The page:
The UCI’s “outdated” rule requiring bikes used in races to weigh at least 6.8kg could be scrapped.
Instead, Dimitris Katsanis, drafted into the UCI as a technical consultant at the beginning of 2014, told BikeRadar that the notorious regulation could be replaced by an ISO standard that ensures frames and components meet minimum safety requirements instead.
The development could mean that designers are freed up to develop even lighter frames, as well as incorporate disc brake technology into bikes that are used in UCI-sanctioned races such as the Tour de France and the Giro d’Italia.
The 6.8kg (15.99lb) rule – 1.3.019 in the UCI rule book – was applied in 2000. It was implemented to ensure that bikes remained robust and safe to use. But as technology has moved on, frame makers have been able to produce light, stiff and safe production frames weighing as little as 670g. In the pro peloton, mechanics are often forced to add extra mass to ensure they don’t fail at the race commissaires‘ scales.
Peter Sagan’s Cannondale Super-Six Evo in 2012 had a 400g steel spindle in the crank to meet the 6.8kg requirement
Katsanis said: “At that time there was no intentional standard of safety for bicycles, so the regulator did a pretty good job to try and predict what it could be in a few years’ time, so the 6.8kg rule at that time was very much a safety net; you don’t go below that because you’re going to make a bike that’s very fragile.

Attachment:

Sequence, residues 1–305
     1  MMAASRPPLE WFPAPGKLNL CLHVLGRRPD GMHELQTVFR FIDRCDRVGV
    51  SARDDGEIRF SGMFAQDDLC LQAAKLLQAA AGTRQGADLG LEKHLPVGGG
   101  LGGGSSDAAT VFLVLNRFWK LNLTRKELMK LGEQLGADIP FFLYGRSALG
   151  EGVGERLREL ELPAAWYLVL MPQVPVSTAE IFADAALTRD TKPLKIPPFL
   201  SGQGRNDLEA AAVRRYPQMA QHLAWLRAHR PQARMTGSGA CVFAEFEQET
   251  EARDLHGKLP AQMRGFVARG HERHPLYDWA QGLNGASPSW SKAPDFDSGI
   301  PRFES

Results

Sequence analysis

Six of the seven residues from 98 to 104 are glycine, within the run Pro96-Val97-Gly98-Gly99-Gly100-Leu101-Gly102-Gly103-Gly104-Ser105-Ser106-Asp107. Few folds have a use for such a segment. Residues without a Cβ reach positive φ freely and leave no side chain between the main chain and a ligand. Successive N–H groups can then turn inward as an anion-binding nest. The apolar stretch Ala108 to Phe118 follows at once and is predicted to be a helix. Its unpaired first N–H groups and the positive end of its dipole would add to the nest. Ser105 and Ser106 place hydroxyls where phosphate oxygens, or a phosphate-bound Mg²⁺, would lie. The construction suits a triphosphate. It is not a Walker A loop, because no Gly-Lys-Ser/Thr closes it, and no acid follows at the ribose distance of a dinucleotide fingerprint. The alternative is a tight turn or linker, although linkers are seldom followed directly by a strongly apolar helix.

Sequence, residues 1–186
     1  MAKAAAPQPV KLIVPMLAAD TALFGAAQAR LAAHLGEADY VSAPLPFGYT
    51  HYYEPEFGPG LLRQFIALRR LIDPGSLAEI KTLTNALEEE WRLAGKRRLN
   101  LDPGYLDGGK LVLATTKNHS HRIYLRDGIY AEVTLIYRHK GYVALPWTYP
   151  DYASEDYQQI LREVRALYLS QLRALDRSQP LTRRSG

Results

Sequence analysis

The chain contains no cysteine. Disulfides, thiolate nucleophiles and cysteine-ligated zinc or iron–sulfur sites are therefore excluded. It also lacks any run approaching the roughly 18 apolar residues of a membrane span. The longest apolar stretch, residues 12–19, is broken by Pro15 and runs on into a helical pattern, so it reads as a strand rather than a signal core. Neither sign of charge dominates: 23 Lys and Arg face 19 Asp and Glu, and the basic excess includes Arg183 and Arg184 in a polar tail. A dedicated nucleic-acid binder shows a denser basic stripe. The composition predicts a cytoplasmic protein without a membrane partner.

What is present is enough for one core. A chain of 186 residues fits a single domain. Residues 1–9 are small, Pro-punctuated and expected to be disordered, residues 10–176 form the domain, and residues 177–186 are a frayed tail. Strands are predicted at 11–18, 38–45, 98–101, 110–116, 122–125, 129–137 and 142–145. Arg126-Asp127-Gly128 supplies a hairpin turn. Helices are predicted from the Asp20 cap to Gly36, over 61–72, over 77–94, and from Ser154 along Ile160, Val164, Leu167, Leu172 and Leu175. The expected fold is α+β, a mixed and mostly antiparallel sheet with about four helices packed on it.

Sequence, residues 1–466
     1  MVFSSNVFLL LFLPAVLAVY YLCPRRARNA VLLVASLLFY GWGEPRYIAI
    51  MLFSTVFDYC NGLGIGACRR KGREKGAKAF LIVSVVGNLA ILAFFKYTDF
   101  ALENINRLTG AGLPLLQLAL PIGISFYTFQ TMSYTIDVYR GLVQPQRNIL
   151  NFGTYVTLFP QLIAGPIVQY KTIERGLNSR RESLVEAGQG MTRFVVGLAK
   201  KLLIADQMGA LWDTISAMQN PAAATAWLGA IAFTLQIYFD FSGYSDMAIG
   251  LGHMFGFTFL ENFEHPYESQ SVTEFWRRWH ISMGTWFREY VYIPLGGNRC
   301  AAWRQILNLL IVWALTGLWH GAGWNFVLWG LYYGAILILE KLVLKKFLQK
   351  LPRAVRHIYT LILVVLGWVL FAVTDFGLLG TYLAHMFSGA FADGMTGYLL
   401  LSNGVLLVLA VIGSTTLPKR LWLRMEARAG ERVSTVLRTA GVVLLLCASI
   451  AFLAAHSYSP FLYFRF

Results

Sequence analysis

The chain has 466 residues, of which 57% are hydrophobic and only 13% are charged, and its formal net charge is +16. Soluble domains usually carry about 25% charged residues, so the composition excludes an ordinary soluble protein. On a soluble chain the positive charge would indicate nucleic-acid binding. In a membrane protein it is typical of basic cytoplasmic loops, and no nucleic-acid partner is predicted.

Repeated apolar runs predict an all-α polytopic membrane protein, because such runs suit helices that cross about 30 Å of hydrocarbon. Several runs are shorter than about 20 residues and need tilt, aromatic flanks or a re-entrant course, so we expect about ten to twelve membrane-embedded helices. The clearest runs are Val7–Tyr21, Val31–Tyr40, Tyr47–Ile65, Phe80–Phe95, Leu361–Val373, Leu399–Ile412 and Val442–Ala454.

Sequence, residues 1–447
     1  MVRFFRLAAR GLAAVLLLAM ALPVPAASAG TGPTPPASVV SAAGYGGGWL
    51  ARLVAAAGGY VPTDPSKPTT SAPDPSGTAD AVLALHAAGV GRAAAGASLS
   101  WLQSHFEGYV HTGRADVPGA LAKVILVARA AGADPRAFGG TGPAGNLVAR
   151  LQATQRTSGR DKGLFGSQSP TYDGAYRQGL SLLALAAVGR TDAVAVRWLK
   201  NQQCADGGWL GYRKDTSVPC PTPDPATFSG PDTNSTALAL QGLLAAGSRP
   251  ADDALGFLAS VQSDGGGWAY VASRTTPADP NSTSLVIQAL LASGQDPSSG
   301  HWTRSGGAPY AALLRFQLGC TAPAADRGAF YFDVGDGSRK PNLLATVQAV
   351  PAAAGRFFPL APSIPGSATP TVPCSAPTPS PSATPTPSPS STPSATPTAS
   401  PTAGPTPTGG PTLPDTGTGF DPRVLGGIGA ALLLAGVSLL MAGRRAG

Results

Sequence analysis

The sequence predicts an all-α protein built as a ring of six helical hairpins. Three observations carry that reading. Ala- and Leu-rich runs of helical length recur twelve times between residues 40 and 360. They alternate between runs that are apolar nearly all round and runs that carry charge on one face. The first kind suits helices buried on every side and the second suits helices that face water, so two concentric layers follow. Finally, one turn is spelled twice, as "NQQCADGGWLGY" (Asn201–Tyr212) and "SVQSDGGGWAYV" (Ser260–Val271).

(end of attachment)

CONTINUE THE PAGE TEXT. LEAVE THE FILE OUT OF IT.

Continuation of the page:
“Yes, today, this is a bit outdated and we are looking on how we can better do that.”
On 20 May, an ISO committee made up of representatives from national standards agencies such as the UK’s BSI and America’s ANSI will vote on a raft of new standards and measurement criteria for ‘cycles and major sub assemblies’. These new standards – scheduled for introduction over the summer – could underpin any planned regulatory changes at the UCI.
However Katsanis refused to put a time frame on when the 6.8kg rule could potentially be overhauled or replaced.
“Of course the implementation of this will take time for manufacturers to test their bikes and come up with a certificate that says this bike can actually pass the test,” Katsanis said.
“It can be six months, 12 months, two years depending on how long the manufacturers take to respond.”
It’s not the first time the rule has been up for debate. In 2011, the UCI’s then technical co-ordinator Julien Carron hinted that the rule could be replaced with a safety-based regulation similar to that suggested by Katsanis.